- (Photo: Reuters/Larry Downing)
With two months until the Affordable Care Act's health care exchanges are scheduled to open, opponents of the law are taking to the airwaves to advise the uninsured to forgo signing up for health insurance.
One such example includes syndicated radio host Twila Brase who launched the "Refuse to Enroll" campaign in the beginning of July on her daily radio show "Health Freedom Minute," which is carried on more than 350 radio stations around the country.
"I don't think the law can be repealed until we have another president," said Brase, president and co-founder of Citizens' Council for Health Freedom. "I do believe the law will go into effect, but that doesn't mean it has to be successfully implemented."
"Contrary to popular belief, non-enrollment in the exchanges does not result in any penalties; fines are only for failure to be insured," Brase added, who failed to mention that many of the currently uninsured cannot afford insurance premiums, thus placing them at risk of being fined for something they currently cannot afford should they look for insurance outside the health care exchanges.
Brase's organization claims the law will hinder consumer's choices while also increasing the cost of health insurance. However, the Congressional Budget Office previously issued a report detailing that states who participate in the exchanges will see a drop in premiums.
Additionally, the federal government placed a 10 percent cap on insurance premiums increases while requiring proof from insurance companies justifying a reason should they feel the need to increase rates more than 10 percent.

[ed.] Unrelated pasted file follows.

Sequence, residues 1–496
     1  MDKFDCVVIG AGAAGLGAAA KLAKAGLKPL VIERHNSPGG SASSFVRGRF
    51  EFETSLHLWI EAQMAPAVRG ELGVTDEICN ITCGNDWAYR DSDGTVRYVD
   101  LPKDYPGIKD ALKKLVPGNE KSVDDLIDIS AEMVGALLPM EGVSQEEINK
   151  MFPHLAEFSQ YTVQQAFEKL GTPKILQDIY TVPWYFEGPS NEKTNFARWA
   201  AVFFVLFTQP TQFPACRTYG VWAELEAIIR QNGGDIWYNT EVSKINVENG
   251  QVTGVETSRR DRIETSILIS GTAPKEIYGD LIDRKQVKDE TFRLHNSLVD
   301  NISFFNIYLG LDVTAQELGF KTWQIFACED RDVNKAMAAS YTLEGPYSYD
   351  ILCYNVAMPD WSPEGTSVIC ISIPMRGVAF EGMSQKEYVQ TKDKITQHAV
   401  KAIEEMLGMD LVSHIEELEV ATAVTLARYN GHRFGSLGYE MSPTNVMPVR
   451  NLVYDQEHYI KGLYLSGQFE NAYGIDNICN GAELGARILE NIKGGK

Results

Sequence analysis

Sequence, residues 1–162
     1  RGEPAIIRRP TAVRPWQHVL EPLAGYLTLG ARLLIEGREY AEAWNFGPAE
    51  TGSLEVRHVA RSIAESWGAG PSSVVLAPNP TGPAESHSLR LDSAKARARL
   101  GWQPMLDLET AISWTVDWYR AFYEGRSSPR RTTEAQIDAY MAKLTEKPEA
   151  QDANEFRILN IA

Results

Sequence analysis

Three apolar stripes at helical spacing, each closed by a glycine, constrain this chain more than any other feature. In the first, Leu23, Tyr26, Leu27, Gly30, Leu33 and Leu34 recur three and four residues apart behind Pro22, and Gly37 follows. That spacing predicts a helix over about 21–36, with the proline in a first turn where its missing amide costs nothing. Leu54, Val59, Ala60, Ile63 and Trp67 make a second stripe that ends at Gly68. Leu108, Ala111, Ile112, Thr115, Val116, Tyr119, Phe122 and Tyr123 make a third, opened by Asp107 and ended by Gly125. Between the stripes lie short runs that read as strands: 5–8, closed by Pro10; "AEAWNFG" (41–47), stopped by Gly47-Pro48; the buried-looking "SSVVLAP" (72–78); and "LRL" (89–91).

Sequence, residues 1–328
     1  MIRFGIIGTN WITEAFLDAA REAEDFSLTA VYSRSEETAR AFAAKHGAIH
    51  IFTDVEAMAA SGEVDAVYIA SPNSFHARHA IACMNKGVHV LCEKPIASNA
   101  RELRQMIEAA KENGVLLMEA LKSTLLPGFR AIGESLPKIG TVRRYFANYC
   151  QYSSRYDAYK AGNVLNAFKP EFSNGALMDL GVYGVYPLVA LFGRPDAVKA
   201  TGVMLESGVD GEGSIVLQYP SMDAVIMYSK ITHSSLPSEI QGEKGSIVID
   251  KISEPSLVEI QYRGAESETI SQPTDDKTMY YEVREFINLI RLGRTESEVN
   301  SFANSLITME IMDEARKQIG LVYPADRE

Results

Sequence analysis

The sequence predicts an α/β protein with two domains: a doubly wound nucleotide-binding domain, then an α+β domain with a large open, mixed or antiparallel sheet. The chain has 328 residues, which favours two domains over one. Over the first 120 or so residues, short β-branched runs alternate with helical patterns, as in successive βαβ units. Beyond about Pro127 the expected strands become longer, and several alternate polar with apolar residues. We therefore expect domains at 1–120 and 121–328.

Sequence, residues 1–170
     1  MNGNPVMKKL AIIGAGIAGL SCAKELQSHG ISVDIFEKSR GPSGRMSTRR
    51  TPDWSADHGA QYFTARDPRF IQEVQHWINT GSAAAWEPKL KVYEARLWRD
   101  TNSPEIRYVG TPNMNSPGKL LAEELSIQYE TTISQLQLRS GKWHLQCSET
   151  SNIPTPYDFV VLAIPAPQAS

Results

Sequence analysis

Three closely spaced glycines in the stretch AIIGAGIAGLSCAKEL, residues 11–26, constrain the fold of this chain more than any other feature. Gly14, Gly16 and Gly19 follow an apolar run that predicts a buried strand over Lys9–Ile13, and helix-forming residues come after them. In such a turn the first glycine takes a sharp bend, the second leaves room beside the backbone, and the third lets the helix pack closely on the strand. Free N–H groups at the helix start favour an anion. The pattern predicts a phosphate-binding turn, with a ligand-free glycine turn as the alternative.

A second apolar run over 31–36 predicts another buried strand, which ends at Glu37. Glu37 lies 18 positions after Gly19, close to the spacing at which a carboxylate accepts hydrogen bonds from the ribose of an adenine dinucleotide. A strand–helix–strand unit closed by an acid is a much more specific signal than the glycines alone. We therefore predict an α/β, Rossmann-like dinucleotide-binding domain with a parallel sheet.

The center piece of the legislation is what's called health care exchanges. These exchanges are online marketplaces where consumers can purchase health insurance from several different providers depending on price and specifics of the plan.
The ACA allows states to decide if they want the federal government to run the exchanges or if they would rather run the exchanges themselves. However, states forgoing participating in the exchanges will miss out on hundreds of millions of federal dollars.
At last count there are 25 states who have declared that they will opt out of the health care exchanges which will shift the burden of subsidizing insurance for those states' uninsured residents to the taxpayers, given that those who are not covered by Medicaid expansion will in many cases be eligible for maximum cost assistance when purchasing insurance on the exchange.
Ultimately, those opposed to the ACA deem it an abuse of federal power and something that the country simply cannot afford to go through with.
"We look at the law as being unconstitutional because it's a government takeover of health care, so we want to make it difficult for the law to function as its proponents want it to," Brase said.
While opponents express their concerns in relation to the ACA, proponents of the law are focused on providing affordable health insurance to millions of currently uninsured Americans.
"Obamacare will provide millions of families with large tax credits to help make health care more affordable for them, and the penalty will only be leveled against those Americans who choose not to purchase insurance even though they are able to afford it," Tara Culp-Ressler, of the website ThinkProgress, previously wrote.